Futurama, Season Four, Episode Sixteen, “The Devil’s Hands Are Idle Playthings”

Written by: Ken Keeler

Directed by: Brett Haaland

DN’s Ranking: Bad / Nonessential / ESSENTIAL

Amazing that this is the first of many great series finales this show ever did. This is a lot of people’s favourite episode, and one that tends to work at giving people closure for the show as a whole. It’s also a Fry/Leela relationship episode, and indeed one that trades heavily on Fry impressing her with a showy, three-point gesture of love – something that doesn’t always land, often coming off as treating Leela as a prize to be won rather than a person making choices. This being both a series finale – implying a level of thoughtfulness and gravity on the part of the creators – and a genuinely fun and beloved episode, I want to engage with that thought more. It’s easy to dismiss an idea as inherently stupid (“Fun, too.”) but it’s much harder to learn something new by acknowledging the truth behind a difficult idea. If Fry trying to win Leela’s heart with a romantic gesture is bad, why is this episode good?

I think the inciting incident provides a lot of answers for that – we see Fry putting a lot of work into learning a difficult skill. The fact that he’s not going great only serves to make him more sympathetic; it’s a popular notion that art-within-art is very hard to pull off and you’re better off making intentionally bad art than in trying to convince your audience that they’re looking at genius, but this has the much harder goal of conveying that Fry has a lot of heart but mediocre ability, even before his disastrous recital. The idea is that the Robot Devil has given Fry tools to express that heart as clearly and coherently as possible. 

What’s interesting to me is that it’s the heart that attracts Leela. This is another episode that does indeed show Fry and Leela from her perspective, and crucially is embedded in the feel of the episode even when she’s not present. It’s easy to believe that she’s moved by Fry’s creative spirit because we have been moved by Fry’s creative spirit, even before he got magic robot hands. Expecting someone to fall in love with you because you wrote a song is ridiculous right up until you fall in love with someone for writing a song.

When I pull back further, I can see how Leela’s attraction to Fry here resonates with my love for this show. Do I not love it for conveying a feeling of amusement seventy-five percent of the time and heart-rending despair the rest of it? Not for its utility, but for its soul? Much like Fry, technique only serves to express that soul; it’s great when it all comes together, but I love its day-to-day grind as well. I am sceptical of the notion that people must be useful to deserve being loved, partially out of a sense of disability politics and left wing ideology but also because it inherently feels wrong. When I see Leela ask Fry to finish his opera because she wants to hear how it ends – crude music and art and all – I am moved because I get it. Soul beats utility or conventional standards of beauty any day of the week.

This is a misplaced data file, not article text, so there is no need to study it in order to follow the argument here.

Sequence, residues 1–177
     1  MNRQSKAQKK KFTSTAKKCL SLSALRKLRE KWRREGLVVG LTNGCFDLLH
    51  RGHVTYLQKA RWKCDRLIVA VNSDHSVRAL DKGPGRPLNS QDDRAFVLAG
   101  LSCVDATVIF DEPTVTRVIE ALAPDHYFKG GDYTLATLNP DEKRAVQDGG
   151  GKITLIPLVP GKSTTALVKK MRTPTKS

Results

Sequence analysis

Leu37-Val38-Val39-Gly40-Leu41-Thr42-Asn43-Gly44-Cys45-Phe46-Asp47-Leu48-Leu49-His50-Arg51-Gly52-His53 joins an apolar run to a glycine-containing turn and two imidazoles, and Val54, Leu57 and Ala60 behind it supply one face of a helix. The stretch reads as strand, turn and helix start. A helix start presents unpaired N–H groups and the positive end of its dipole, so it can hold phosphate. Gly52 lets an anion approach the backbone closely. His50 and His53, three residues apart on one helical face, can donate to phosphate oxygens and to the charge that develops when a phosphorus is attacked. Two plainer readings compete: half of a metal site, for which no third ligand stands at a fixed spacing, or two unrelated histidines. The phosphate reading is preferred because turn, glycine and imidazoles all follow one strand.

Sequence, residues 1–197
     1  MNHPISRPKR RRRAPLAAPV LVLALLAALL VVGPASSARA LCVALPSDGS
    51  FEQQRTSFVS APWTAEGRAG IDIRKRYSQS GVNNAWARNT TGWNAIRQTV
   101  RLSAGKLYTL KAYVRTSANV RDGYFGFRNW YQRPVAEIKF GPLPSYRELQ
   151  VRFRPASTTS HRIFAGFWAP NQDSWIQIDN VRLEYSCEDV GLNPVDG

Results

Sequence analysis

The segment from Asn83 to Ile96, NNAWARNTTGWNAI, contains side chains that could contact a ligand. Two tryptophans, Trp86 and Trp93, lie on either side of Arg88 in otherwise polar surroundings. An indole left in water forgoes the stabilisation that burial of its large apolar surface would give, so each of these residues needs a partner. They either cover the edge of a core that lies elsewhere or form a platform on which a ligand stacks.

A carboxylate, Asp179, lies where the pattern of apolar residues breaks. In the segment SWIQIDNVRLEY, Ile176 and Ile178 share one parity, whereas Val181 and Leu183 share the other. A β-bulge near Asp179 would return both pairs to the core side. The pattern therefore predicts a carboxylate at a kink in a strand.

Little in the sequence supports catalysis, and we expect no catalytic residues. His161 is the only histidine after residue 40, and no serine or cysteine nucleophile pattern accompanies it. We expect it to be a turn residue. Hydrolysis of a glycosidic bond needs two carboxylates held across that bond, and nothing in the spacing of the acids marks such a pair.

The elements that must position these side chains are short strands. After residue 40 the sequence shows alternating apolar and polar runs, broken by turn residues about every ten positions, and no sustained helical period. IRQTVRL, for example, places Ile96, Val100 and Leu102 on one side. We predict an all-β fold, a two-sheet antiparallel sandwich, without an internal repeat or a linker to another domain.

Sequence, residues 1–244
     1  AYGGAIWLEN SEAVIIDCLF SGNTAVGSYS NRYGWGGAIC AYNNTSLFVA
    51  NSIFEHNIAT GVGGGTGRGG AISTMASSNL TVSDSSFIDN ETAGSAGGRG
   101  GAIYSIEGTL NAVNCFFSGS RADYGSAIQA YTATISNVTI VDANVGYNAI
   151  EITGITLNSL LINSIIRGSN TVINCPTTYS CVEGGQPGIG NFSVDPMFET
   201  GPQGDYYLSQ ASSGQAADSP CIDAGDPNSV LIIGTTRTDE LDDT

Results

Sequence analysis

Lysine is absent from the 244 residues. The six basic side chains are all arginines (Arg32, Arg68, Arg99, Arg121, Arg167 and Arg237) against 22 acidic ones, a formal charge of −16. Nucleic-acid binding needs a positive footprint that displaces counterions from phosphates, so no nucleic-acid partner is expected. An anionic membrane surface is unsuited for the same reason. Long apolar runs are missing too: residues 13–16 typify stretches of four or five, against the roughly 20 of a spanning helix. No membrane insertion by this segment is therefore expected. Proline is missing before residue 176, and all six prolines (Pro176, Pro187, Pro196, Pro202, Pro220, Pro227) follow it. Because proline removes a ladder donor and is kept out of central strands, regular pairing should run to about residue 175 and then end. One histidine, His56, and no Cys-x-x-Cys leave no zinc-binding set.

Title Card: See you on some other channel

Cartoon Billboard: Futurama, 1999

Dan Castellanetta returns as the Robot Devil and delivers an absolute masterpiece of a comic performance,  shifting from cunning to rage to winning without missing a beat (“You’re not nice!”). This has a runner of Scruffy acting as butler,  which is funny every single time. I love introducing Leela through her messily eating a giant bug leg, because it ties into the theme of Fry loving the full reality of her and trying to convey that through art and also being hilarious. This is a good episode for Bender inexplicably wearing things. 

“I choose to not understand these signs.”

I enjoy that Robot Devil used a lot of gestures while talking to a deafened Leela. This episode’s music is some of its most spectacular – especially in lyrics that mess with the structure of the words for Laffs. I always get a big laugh out of “YOU SHOULD HAVE READ THE WORDING IN THE FINE… PRIIIIIIINT,” but I also love Billy West’s read of “He probably won’t / want me dating her.” 

The Holophoner sequences contain references to Donkey Kong. The theatre where Fry debuts his opera combines references to the International House Of Pancakes and Metropolitan Opera House. The plot is largely a riff on Faust. Multiple characters play Für Elise by Beethoven.

Iconic Moments: “And by metaphorical I mean get your coat. ” | “It’s not ironic, it’s just…” | “Ah, part one of my ridiculously circuitous plan is complete!” | “Let us cavort like the Greeks of old! You know the ones I mean.” | “You can’t just have your characters above how they feel! That makes me feel angry!” | “The user of words for something other than their literal intention! Now that IS irony!” | “Your music’s bad and you should feel bad!”

Biggest Laugh: 

Next Week: Why yes, we are doing the movies, starting with Bender’s Big Score. I will be doing the whole movie as one post rather than splitting them up into four. “And I’ll bet it’s gonna get a whole lot more confusing!”